Sal Nuzzo
August 22, 2022

Where an expanded IRS is likely to focus its efforts and what can be done about it

“Because that’s where the money is.”

It’s a quote so legendary that most of us can recite the question that prompted it without missing a beat. Notorious criminal Willie Sutton had been asked by a reporter named Mitch Ohnstad why he robbed banks. Many people these days may not remember Willie Sutton, but they do remember those words.

As the ink of President Biden’s signature dries on the Inflation Reduction Act (a name likely to disappoint), Willie Sutton’s answer may give us some guidance as to what comes next.

A lot of attention has been focused on the massive amount of money — $80 billion over the next ten years — the act will be sending to the IRS, much of it intended to pay for the hiring of 87,000 people. To be fair, some of these hires will fill vacancies and replace future retirees. Nevertheless, it’s highly probable that many of the effects of this strengthened IRS will be felt painfully in conservative-governed states.

Over the past three decades, a great sorting has been at work in the U.S. By the millions, Americans are departing the blue-state Axis of Despair (California, New York, Illinois) for better lives and less taxation in states such as Florida, Texas, Idaho, and Arizona. In 2020, the three blue states mentioned above saw a net loss of more than half a million people combined. When individuals depart their home state for economically greener pastures, they take their money with them. That same year, Florida gained over $23 billion in adjusted gross income, Texas more than $6 billion, Arizona almost $5 billion, and Idaho over $2 billion. Where did it come from? You guessed it — $19 billion gone from New York, almost $18 billion gone from California, more than $8 billion gone from Illinois. That’s just one year. Extend the time horizon, and this trend becomes even more remarkable. Between 1992 and 2019, Florida gained more than $205 billion in annual income from individuals moving there from other states. Texas, similarly, gained over $57 billion and Arizona over $46 billion. The pandemic accelerated a long-running reality: Those who can leave progressive, blue states do so. And when they do, blue states feel the pinch.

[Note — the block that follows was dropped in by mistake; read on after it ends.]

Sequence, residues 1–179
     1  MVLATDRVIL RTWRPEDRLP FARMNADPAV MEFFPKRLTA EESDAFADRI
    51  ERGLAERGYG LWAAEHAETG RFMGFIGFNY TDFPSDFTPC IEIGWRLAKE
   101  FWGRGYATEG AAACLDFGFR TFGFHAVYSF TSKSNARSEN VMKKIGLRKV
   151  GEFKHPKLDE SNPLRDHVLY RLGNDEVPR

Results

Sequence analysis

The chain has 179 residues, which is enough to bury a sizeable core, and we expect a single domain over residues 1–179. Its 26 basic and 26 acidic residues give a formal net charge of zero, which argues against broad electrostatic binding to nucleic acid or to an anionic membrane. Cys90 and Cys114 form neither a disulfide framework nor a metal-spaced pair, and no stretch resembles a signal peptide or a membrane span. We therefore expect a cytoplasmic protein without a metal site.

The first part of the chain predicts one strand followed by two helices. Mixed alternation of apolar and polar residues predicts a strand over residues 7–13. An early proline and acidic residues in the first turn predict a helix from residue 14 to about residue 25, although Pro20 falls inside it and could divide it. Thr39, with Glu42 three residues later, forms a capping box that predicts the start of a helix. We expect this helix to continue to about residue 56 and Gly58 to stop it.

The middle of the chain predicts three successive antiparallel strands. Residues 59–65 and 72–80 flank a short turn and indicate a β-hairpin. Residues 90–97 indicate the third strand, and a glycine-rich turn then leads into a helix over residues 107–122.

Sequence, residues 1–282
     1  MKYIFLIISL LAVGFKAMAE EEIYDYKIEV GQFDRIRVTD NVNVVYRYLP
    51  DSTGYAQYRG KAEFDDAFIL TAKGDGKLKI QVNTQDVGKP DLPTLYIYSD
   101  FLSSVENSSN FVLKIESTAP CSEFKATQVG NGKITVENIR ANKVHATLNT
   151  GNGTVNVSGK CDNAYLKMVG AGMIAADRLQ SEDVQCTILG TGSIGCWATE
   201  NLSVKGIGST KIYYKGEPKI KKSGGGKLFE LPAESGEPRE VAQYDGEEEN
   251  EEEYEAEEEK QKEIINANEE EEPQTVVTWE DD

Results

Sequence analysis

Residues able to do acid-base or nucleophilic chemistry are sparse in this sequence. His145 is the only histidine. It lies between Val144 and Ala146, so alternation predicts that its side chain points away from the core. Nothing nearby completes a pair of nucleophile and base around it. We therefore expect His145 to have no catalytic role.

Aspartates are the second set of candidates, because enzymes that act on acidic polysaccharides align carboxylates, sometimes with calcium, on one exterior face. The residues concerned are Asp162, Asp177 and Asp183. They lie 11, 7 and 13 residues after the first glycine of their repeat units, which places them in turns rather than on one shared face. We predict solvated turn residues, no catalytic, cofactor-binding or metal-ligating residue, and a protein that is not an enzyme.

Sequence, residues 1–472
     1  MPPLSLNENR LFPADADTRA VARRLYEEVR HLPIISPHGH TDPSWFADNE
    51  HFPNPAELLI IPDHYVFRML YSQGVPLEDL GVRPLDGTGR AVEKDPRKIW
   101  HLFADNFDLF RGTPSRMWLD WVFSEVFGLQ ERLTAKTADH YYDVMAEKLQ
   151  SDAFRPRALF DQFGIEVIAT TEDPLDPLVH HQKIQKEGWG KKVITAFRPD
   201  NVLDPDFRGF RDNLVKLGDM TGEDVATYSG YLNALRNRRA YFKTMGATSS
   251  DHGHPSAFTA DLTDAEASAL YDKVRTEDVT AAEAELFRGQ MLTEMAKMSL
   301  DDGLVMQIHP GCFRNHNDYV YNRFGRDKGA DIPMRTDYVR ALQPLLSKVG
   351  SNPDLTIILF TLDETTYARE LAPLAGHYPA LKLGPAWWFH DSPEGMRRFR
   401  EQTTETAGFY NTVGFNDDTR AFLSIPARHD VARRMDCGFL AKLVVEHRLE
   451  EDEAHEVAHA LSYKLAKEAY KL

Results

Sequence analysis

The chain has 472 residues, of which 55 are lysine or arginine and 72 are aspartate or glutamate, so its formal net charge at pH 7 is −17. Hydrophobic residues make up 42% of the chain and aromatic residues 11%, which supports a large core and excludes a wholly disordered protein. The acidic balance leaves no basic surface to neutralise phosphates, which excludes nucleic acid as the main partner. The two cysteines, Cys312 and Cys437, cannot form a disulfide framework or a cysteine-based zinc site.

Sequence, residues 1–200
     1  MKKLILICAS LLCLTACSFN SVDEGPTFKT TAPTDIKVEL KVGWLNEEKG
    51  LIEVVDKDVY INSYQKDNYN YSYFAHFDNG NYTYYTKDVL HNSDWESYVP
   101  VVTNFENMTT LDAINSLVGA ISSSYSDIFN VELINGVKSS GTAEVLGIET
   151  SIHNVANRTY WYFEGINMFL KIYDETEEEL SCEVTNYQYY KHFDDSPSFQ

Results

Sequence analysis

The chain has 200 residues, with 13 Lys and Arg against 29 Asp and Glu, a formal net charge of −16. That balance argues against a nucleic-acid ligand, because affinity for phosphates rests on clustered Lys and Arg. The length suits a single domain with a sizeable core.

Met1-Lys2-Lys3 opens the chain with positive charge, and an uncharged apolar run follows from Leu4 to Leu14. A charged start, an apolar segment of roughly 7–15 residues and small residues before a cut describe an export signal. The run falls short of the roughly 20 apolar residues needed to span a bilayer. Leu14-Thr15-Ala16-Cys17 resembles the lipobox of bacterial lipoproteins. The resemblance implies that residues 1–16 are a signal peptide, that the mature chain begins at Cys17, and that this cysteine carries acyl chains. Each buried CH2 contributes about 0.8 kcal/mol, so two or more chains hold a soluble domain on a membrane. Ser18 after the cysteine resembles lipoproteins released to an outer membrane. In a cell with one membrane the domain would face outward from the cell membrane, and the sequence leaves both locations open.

However, here is where the boost in IRS staffing comes in. Not all the new agents, of course, will be auditors, but many will be. Where is the IRS going to concentrate the bulk of its enhanced capacity? Are agents going to land in Illinois to audit residents there hanging on because they can’t get out? Are they going to be focusing on California’s remaining holdouts? Spoiler alert: No, they won’t. Make no mistake; they will have their collective sights set on states such as Texas and Florida, and it won’t only be “the rich” who feel the pressure.

If there is one consolation, it is this: Red states can erect some lines of defense against the inevitable overreach, harassment, and forthcoming headaches. And we are already seeing this begin to take shape. Florida’s chief financial officer, Jimmy Patronis, took the initiative this week with a preemptive, four-step plan to fight back against what almost certainly lies ahead. He proposed policy to require state-chartered banks to regularly report on IRS engagement, establish a civil-liability trust fund for small businesses caught up in IRS harassment, introduce state-level registration requirements for IRS agents engaged in account investigation, and institute criminal penalties for viewpoint discrimination in audits. This is a solid first step, and it is an example that other red (or even purple) states should follow, especially if they are now home to large numbers of people who have quit high-tax blue states.

Why? Because that’s where the money is.

https://www.nationalreview.com/2022/08/where-the-money-is/